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San Francisco pier shooting suspect to stand trial

SAN FRANCISCO - A judge has ruled that a man at the center of the national immigration debate will stand trial on a murder charge in the shooting death of a young San Francisco woman.

Judge Brendan Conroy said Friday he heard enough evidence during a preliminary hearing to order the jury trial.

Killing ignites immigration debate over "sanctuary cities"

Juan Francisco Lopez-Sanchez, a 45-year-old Mexican national, is charged with first-degree murder in the random shooting death of 32-year-old Kathryn Steinle on July 1. Steinle was shot in the back as she walked with her father along the waterfront.

Lopez-Sanchez acknowledged shooting Steinle but said the gun fired accidentally. The weapon belonged to a Bureau of Land Management (BLM) ranger and had been reported stolen in June.

The shooting triggered a national debate over immigration after it was revealed that the Sheriff's Department had released Lopez-Sanchez despite a federal request to detain him for possible deportation.

Lopez-Sanchez was previously deported five times.

Republican presidential front-runner Donald Trump has repeatedly mentioned the killing of Steinle as he calls for a border wall and mass deportations to curb illegal immigration. California Sen. Dianne Feinstein and presidential hopeful Hillary Clinton, both Democrats, said Lopez-Sanchez should have been detained.

Weapon used in San Francisco killing belonged to federal agent

San Francisco Sheriff Ross Mirkarimi said he was following city law when jailers released Lopez-Sanchez after a 20-year-old marijuana possession charge was dropped. The sheriff said his department requires federal officials to obtain a warrant or some other judicial notice in order for his jail to hold an inmate facing possible deportation.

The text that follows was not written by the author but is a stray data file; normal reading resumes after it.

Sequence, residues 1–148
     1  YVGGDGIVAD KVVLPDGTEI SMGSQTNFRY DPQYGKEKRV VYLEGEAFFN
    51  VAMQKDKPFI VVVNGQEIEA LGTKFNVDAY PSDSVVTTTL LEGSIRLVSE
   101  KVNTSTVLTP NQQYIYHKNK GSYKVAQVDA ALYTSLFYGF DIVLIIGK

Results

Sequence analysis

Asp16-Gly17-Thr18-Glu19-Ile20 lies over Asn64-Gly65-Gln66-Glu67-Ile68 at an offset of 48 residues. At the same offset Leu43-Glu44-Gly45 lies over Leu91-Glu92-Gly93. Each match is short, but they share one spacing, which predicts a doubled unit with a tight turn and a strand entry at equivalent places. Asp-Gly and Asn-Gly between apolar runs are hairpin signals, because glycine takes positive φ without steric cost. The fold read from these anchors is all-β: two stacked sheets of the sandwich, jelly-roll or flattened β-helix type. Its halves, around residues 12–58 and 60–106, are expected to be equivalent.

San Francisco Mayor Ed Lee also criticized the sheriff, saying Mirkarimi should have notified immigration officials of Lopez-Sanchez's impending release.

Lopez-Sanchez has pleaded not guilty in the killing of Steinle.

Man deported 5 times charged in San Francisco killing

Her parents have said federal and local authorities contributed to the death through negligence and bureaucratic bungling.

The family alleges in legal claims that a BLM ranger left his loaded service weapon in a backpack in plain view in his car before the gun was stolen in June. The semi-automatic pistol was later used in the killing of Steinle.

BLM spokeswoman Martha Maciel said the agency is cooperating with the investigation of the shooting but she declined further comment.

The Steinle family and their attorneys filed three separate legal claims seeking unspecified damages from the BLM, San Francisco Sheriff's Department and U.S. Department of Homeland Security.

Such claims must be filed before government agencies can be sued.

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